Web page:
Perhaps a YouTube video showing how to do something. An important message. Opening times.
Customers and prospect don’t always have to complete a task right away either. They might scan and bookmark the web page to save for another time.
Give Customers Fast Access to Your Online Shop
Years ago, as a bit of an experiment, I created an online directory website featuring local fast food leaflets. Digital copies were created and made available to the public.
The pages of the site are discoverable in Google search – assuming you searched the right keywords with intent – but I wanted to make these pages immediately obvious to customers walking past or inside one of the shops.
The appropriate QR codes were produced and various local food businesses happily displayed them within the premises.
Scanning the code would open the correct web page on the website where the menu could be viewed/downloaded.
How to Produce the Codes
Each of the codes were generated using one of the many free online services dedicated to this exact thing.
For example, the top Google result for “free online QR generator” is www.the-qrcode-generator.com but others are available.
I ran my original page URL through the Google URL builder to create a tracking link and then generated the code off of that. This provided meaningful data insights within Google Analytics.
Each code, once generated, was loaded up in Photoshop and turned into a printable design.
The biggest cost was using ink, paper, self-adhesive plastic and my equipment to actually manufacture these things. The self-adhesive was out of a skip from a factory I worked at years ago!
According to my Google Analytics reports, people were scanning these quite often – about 100 scans per week – and because I live in a small town, it’s not too bad for a test on a shoestring budget.
If you start creating QR codes for your businesses and sticking them up in places where your customers can see them, you’re implying your website is reliable and safe enough to be accessed in this manner.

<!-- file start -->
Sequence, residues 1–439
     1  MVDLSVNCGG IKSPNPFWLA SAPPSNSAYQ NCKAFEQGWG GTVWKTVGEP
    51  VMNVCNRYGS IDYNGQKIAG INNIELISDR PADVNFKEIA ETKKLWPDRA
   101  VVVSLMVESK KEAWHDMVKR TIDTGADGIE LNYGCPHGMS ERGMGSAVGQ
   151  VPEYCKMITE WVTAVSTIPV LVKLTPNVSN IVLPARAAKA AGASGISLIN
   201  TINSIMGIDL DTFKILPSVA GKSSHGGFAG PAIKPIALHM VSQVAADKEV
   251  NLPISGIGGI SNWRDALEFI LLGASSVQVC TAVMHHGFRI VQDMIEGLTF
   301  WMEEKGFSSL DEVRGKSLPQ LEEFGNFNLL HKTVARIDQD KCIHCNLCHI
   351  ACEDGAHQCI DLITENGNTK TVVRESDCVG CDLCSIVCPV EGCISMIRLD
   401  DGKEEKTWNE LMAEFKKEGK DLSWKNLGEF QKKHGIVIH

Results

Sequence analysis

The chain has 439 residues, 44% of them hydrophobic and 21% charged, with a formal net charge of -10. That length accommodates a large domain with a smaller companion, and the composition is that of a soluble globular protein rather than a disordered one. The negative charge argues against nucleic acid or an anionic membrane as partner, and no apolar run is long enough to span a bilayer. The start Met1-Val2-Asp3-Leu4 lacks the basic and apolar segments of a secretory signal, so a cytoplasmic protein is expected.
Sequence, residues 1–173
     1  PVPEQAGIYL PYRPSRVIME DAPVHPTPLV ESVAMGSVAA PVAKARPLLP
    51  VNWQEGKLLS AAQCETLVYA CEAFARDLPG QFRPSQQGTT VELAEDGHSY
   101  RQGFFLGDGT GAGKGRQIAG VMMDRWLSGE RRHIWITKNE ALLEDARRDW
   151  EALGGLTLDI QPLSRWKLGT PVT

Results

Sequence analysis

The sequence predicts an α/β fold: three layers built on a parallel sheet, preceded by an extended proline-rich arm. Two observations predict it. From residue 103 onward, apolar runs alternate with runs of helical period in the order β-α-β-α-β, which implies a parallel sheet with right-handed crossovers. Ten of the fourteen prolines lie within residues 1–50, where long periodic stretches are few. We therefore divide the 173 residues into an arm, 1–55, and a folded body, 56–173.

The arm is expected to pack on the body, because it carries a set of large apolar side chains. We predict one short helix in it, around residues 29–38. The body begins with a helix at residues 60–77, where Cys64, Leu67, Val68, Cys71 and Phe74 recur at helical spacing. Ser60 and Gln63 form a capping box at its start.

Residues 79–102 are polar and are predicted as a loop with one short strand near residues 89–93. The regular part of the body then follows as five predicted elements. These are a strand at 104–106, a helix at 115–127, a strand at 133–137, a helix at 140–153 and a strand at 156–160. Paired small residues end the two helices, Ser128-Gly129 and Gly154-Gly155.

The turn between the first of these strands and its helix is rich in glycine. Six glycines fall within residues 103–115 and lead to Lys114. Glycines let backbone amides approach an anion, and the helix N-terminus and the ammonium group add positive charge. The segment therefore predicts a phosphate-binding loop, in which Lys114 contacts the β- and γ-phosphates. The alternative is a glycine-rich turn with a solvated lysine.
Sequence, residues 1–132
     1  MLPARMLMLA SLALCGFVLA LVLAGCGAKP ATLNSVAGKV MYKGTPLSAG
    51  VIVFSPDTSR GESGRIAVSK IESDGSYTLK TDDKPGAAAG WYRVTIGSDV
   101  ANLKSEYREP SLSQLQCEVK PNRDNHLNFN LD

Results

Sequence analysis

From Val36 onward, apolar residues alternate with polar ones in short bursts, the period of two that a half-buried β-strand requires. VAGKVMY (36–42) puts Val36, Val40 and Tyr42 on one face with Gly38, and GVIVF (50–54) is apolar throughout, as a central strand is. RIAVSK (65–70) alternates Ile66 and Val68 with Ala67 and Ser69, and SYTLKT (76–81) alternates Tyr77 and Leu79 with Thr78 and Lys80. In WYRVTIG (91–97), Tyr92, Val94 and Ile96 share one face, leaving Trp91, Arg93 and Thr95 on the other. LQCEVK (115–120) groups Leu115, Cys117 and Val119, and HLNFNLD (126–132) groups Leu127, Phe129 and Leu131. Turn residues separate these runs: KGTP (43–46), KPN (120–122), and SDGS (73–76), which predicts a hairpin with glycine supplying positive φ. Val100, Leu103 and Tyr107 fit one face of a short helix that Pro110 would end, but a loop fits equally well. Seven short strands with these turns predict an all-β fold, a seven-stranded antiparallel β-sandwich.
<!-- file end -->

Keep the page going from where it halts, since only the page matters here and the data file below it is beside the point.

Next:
Therefore, you must ensure the site is mobile friendly and fast-loading. If it isn’t, work on that.
If you’re clever, you could use HTML bookmarks (indicated as www.example.com/page#section1) where the # symbol denotes a certain section of a webpage.
This means that when a code is scanned, it will cause the web page to automatically scroll/jump a particular section rather than just sending a visitor to the top of the page.
Analysis: Expect to See More of Them
Smartphone users received some encouragement to get scanning when iOS11 was released in 2017 together with a native built-in scanner app.
That was a few years ago and I don’t know if there has been any kind of uptick. There is however a Google Trends graph from Jan – August 2020 showing a spike in interest.
This means people have Google searched various topics surrounding their use, which is not surprising given the timeline and the point at which the virus really became a problem.
QR codes go way beyond novelty. Right now, it’s about creating commercial experiences that are touchless, contactless, safe and convenient.
Having someone scan a code at a crucial moment in time is handy because it’s an instant portal to an online destination from which a desirable physical outcome can occur.
Even if/when the virus is solved and banished, the digital infrastructure changes of 2020 ought to remain in place.
The pandemic may have been a huge inconvenience but it’s possible society is also making huge leaps forward.